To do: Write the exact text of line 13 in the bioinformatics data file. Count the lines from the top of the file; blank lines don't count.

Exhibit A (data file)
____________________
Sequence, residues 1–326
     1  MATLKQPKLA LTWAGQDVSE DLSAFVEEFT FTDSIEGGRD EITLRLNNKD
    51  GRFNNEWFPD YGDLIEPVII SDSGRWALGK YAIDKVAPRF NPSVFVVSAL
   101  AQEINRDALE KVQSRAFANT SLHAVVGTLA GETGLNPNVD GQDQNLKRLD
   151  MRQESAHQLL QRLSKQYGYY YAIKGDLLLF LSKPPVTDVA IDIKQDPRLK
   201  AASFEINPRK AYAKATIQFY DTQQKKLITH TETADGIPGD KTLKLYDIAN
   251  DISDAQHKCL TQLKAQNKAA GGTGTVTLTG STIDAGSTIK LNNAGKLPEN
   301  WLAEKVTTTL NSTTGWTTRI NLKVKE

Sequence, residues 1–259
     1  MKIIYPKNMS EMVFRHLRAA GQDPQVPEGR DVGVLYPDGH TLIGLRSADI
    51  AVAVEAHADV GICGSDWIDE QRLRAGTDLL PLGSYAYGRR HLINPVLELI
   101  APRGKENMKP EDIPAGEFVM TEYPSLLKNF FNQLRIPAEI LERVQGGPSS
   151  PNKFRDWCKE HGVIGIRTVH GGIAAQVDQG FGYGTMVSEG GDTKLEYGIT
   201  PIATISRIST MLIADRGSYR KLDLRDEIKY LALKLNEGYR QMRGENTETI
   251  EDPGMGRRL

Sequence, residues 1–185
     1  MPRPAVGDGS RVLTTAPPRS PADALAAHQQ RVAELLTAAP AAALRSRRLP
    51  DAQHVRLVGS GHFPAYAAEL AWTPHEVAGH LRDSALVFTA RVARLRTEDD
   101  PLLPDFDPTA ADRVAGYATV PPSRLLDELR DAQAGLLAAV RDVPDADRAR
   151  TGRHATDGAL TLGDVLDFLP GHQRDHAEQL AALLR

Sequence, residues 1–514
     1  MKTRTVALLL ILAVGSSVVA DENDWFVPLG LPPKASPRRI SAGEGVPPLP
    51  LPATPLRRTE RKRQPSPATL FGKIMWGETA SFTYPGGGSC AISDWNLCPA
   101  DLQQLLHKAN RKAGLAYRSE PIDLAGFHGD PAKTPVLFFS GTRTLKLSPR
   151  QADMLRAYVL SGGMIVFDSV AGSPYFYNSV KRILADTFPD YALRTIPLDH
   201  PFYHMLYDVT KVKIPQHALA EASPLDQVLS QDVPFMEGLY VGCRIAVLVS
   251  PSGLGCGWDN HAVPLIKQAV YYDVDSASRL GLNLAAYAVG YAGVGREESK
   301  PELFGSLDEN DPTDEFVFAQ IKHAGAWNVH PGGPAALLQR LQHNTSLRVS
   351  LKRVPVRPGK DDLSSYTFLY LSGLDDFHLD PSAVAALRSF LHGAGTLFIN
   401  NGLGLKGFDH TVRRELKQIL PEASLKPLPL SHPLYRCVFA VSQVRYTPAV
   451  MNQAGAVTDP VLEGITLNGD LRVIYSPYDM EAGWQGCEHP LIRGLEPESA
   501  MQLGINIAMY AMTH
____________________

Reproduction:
   151  PNKFRDWCKE HGVIGIRTVH GGIAAQVDQG FGYGTMVSEG GDTKLEYGIT